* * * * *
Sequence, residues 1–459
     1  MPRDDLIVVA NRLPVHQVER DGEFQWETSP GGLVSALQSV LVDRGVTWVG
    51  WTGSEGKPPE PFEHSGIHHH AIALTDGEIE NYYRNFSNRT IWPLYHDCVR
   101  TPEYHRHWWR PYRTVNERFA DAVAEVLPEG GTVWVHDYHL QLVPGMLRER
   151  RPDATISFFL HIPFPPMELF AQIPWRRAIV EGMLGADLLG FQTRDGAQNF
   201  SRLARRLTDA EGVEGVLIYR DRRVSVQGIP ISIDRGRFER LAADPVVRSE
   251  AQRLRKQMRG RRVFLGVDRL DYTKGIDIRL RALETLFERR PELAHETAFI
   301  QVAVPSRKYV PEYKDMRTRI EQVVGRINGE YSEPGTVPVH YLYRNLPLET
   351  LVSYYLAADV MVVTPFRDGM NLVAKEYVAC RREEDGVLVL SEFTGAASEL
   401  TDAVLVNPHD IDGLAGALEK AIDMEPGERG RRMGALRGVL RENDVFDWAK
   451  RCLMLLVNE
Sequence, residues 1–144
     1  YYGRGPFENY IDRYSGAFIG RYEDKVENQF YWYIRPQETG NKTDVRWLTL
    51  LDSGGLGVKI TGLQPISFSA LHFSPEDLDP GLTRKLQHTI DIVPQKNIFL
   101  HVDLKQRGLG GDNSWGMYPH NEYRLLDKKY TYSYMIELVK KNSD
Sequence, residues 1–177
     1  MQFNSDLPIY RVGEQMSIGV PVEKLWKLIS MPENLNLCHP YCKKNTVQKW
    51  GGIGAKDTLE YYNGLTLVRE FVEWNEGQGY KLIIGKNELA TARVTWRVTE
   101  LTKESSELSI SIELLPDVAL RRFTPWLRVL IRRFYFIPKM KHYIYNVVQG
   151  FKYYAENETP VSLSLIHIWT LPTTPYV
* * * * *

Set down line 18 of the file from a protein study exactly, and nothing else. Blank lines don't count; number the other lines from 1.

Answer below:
    51  GGIGAKDTLE YYNGLTLVRE FVEWNEGQGY KLIIGKNELA TARVTWRVTE